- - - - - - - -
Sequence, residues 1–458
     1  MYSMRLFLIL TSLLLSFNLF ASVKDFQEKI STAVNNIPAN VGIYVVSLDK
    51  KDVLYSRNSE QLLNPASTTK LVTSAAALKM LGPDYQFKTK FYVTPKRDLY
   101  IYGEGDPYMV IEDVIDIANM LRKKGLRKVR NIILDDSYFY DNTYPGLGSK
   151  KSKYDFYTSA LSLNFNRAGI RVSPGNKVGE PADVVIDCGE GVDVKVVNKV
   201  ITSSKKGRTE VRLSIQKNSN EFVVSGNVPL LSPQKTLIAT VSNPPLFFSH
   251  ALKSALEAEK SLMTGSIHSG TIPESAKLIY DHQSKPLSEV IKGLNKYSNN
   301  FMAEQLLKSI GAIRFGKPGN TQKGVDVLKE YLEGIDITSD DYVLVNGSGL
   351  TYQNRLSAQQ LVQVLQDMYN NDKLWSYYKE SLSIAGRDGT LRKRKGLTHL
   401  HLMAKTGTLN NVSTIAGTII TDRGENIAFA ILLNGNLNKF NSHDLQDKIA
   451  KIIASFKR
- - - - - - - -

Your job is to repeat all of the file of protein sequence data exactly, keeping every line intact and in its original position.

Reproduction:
Sequence, residues 1–458
     1  MYSMRLFLIL TSLLLSFNLF ASVKDFQEKI STAVNNIPAN VGIYVVSLDK
    51  KDVLYSRNSE QLLNPASTTK LVTSAAALKM LGPDYQFKTK FYVTPKRDLY
   101  IYGEGDPYMV IEDVIDIANM LRKKGLRKVR NIILDDSYFY DNTYPGLGSK
   151  KSKYDFYTSA LSLNFNRAGI RVSPGNKVGE PADVVIDCGE GVDVKVVNKV
   201  ITSSKKGRTE VRLSIQKNSN EFVVSGNVPL LSPQKTLIAT VSNPPLFFSH
   251  ALKSALEAEK SLMTGSIHSG TIPESAKLIY DHQSKPLSEV IKGLNKYSNN
   301  FMAEQLLKSI GAIRFGKPGN TQKGVDVLKE YLEGIDITSD DYVLVNGSGL
   351  TYQNRLSAQQ LVQVLQDMYN NDKLWSYYKE SLSIAGRDGT LRKRKGLTHL
   401  HLMAKTGTLN NVSTIAGTII TDRGENIAFA ILLNGNLNKF NSHDLQDKIA
   451  KIIASFKR